Of course, the very mention of such a brilliant orator and towering intellect as Churchill in the same sentence as the clueless and barely comprehensible Trump may seem like sacrilege, but international circumstances and Trump’s instinctive, gut-reaction foreign policy may be leading him in the British Bulldog’s footsteps. Reading Trump’s recent interview with the Sunday Times, one is struck by the president-elect’s clear embrace of post-Brexit Britain and his concurrent disparagement of Germany’s Angela Merkel, of the European Union and of NATO. Trump not only touted his Scottish roots and his mother’s admiration for the Queen, he offered to conclude a quick trade deal between the two countries, as an alternative to Britain’s trade relations with the EU that might be lost. His statement was echoed by British Prime Minister Theresa May this week as an important element of the U.K.’s post-Brexit efforts to engage with the wider world.
Though May obviously sounds more restrained and knowledgeable than Trump and has spoken out against his misogyny, she and her government share a common outlook with American conservatives. This ideological affinity extends, albeit to a lesser degree, to Australia and New Zealand, both ruled by right-leaning parties, though both concerned now by Trump’s repeated and seemingly superfluous challenges to China. The odd man out, it seems, is Canada’s liberal Justin Trudeau, which is ironic because his predecessor Stephen Harper was the hero for many years of die hard Anglosphere proponents. Interestingly, the only “special relationship” May mentioned in her speech was not with the United States but with Ireland. Though Churchill included Ireland in his “English-speaking peoples,” it does not feature in most Anglosphere proposals or arrangements.
It’s true that in his Iron Curtain speech, Churchill warned about the dangers of spreading Soviet tyranny while Trump is forever embracing Russia and Vladimir Putin. But modern proponents of Anglosphere view it not as a tool against Russian expansionism but as the only effective means of repelling militant Islam. This is also the position of British historian Andrew Roberts, who completed Churchill’s book by writing its sequel, "A History of the English-Speaking Peoples Since 1900."
Tellingly both Britain and Australia have now joined the incoming Trump administration in bucking the international consensus and disparaging both Security Council Resolution 2334 about Israeli settlements in the West Bank and the recent Paris conference on the Middle East. Prime Minister Benjamin Netanyahu, who is already gushing at the prospect of working with a Republican president, would like nothing better than to nestle under the wings of a grand Anglo-Saxon alliance. He and several of his close associates are not only English-speaking, they view themselves as co-champions of capitalism and laissez-faire economies. They share with Trump and as well as other conservatives on both sides of the Atlantic a disdain for Europe, a distrust of the United Nations and a focus on radical Islam. Their critics on the left would claim that what unites Netanyahu with conservative leaders in English-speaking countries is actually their joint embrace of white supremacism and colonialism.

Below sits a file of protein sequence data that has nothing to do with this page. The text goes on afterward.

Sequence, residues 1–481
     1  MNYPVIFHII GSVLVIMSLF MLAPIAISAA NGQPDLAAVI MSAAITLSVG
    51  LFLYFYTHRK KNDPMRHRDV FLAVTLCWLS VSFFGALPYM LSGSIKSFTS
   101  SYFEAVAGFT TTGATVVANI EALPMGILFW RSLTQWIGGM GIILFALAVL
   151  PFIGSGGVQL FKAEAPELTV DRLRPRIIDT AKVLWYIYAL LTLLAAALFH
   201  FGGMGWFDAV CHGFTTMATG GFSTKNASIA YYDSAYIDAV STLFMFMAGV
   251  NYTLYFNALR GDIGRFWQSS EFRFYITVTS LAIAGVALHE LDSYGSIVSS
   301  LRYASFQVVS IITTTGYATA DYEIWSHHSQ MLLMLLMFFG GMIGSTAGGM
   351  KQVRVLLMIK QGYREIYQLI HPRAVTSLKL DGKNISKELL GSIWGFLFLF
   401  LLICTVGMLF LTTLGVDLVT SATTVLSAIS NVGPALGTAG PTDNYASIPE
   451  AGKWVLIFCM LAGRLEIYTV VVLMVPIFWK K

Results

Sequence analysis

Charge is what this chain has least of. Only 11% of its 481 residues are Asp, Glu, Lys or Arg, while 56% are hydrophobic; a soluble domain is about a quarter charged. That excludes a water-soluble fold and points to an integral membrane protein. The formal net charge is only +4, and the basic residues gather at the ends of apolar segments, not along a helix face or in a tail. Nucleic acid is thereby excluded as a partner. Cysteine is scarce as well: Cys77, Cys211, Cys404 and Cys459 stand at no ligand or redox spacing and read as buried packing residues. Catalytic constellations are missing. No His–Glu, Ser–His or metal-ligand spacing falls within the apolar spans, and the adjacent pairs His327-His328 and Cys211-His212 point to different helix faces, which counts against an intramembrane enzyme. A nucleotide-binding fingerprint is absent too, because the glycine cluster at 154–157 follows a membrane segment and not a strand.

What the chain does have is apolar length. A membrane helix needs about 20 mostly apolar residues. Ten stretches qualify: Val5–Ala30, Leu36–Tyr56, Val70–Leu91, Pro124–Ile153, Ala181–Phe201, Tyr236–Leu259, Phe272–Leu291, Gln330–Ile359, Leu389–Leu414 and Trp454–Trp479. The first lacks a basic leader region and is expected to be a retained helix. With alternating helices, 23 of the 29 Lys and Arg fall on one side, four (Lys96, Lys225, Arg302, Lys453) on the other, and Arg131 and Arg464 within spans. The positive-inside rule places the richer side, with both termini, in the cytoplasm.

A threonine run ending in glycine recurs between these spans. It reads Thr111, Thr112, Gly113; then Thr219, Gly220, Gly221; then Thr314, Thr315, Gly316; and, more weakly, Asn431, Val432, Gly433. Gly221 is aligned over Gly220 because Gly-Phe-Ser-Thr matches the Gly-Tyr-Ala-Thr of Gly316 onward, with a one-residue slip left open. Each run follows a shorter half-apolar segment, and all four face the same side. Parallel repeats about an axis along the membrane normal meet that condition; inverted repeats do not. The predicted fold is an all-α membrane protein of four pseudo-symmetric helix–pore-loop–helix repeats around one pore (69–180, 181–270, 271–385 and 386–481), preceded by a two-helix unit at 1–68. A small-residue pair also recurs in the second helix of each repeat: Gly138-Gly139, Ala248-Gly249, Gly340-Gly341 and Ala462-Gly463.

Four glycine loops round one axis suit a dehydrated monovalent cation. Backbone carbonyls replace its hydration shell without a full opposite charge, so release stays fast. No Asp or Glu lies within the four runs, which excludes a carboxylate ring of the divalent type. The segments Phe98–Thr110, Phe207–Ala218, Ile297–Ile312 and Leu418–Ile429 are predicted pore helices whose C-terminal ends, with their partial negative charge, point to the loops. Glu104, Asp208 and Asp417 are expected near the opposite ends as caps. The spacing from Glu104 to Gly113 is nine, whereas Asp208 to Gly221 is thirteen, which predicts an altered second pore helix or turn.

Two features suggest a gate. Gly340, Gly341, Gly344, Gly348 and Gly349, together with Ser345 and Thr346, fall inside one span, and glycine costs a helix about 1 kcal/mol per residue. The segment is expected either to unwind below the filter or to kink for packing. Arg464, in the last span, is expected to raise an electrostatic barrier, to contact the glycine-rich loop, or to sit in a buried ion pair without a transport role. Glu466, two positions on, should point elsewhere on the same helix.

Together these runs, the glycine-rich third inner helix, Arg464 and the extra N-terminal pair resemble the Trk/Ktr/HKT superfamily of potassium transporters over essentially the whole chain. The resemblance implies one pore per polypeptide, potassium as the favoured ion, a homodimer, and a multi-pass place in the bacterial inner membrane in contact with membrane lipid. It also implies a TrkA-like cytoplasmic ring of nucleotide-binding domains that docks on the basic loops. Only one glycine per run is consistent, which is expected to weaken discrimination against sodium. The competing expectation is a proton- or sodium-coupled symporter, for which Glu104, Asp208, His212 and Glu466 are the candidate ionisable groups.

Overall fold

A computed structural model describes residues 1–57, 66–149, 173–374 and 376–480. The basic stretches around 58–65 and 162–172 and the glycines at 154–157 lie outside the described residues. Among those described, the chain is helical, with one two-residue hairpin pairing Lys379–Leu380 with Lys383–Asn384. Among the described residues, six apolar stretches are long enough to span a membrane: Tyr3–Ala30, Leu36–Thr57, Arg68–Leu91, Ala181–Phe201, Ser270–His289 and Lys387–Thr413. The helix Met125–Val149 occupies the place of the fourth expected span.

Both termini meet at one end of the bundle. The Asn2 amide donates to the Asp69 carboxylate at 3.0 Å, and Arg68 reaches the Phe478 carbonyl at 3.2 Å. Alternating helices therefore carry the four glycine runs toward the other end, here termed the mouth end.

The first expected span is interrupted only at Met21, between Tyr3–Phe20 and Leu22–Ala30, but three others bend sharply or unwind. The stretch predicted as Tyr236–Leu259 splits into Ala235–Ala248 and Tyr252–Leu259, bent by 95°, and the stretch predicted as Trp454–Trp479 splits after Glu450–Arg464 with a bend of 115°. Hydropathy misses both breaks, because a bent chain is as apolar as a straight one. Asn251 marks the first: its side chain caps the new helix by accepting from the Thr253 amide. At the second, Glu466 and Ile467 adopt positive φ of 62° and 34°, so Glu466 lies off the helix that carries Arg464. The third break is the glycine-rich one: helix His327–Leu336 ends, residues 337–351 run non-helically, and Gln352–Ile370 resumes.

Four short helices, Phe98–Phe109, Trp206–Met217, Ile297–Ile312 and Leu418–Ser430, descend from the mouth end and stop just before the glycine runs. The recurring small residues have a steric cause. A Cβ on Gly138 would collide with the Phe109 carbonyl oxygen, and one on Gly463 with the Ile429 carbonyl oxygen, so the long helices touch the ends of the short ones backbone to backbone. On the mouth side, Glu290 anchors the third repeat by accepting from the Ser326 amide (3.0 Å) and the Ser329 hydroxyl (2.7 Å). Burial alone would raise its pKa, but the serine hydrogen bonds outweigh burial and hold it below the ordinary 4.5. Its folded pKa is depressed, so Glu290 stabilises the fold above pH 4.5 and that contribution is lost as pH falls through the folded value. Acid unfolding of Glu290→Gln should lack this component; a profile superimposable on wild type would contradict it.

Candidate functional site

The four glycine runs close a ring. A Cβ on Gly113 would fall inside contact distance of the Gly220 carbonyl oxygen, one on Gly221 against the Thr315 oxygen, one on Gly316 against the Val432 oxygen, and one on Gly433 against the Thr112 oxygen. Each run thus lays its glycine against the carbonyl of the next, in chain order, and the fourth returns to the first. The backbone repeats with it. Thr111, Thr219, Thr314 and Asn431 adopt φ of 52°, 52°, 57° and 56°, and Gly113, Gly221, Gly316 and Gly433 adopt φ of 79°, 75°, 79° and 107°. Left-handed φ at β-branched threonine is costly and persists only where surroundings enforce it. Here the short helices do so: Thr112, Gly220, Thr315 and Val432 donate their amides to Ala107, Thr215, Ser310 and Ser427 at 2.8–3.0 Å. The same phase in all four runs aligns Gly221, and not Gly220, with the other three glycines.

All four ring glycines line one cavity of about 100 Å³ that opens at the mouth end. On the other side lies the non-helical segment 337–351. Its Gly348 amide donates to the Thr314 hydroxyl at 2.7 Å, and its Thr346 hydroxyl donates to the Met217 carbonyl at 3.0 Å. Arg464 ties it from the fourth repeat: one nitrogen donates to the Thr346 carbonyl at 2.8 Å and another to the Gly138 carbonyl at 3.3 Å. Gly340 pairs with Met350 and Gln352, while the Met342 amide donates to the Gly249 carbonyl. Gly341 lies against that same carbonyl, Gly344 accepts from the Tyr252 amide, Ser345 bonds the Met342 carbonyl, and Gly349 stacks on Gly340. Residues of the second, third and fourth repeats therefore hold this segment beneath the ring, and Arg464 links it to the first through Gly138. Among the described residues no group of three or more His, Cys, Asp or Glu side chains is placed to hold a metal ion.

Some infrastructure for Anglosphere already exists. The most prominent is the joint intelligence-gathering group known as “Five Eyes” which encompasses the U.S., U.K., Australia, New Zealand and Canada. The five countries are also linked by technological treaties as well as the collaborative agreements such as ABCA Armies that seek to standardize their military equipment. Since World War II, however, Churchill’s vision of a common front of English-speaking nations has never been the focus of policy for political leaders in either the United States or the United Kingdom. And while it may never blossom into the kind of EU-type union that Churchill had in mind, with Trump, ironically, it might no longer be just a pipe dream. The concept of Anglo-Saxon unity could be closer to realization more than ever before.